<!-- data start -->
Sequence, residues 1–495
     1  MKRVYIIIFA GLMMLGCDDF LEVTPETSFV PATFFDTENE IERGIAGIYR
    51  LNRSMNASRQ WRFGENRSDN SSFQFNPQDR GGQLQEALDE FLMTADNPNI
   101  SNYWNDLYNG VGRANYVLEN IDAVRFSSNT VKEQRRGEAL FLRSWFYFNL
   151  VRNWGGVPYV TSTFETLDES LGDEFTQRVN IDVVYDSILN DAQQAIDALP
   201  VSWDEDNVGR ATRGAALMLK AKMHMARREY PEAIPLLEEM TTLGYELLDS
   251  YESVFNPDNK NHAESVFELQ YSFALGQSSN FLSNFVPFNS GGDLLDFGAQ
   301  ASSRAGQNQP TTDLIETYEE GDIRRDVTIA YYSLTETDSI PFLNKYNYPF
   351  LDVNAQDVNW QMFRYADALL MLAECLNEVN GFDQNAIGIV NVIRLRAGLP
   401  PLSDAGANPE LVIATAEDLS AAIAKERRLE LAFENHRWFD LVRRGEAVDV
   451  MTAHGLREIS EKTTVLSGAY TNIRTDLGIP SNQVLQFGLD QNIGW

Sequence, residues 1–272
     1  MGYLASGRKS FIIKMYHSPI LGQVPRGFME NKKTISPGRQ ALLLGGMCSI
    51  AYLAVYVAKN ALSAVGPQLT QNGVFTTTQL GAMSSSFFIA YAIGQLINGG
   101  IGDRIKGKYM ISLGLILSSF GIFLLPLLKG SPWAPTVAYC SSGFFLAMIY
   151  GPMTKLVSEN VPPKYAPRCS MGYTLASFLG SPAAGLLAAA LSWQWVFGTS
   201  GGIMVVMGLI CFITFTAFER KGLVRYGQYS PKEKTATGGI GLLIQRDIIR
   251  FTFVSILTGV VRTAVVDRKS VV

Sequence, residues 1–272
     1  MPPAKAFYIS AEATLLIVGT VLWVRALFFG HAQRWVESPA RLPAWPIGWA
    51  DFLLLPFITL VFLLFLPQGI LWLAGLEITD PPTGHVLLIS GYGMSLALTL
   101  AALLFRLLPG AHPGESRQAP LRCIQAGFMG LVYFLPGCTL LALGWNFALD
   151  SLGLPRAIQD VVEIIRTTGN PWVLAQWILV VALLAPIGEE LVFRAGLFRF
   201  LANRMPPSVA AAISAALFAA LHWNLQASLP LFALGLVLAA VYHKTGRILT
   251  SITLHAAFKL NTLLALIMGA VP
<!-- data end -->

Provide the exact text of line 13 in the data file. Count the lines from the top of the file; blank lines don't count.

     1  MGYLASGRKS FIIKMYHSPI LGQVPRGFME NKKTISPGRQ ALLLGGMCSI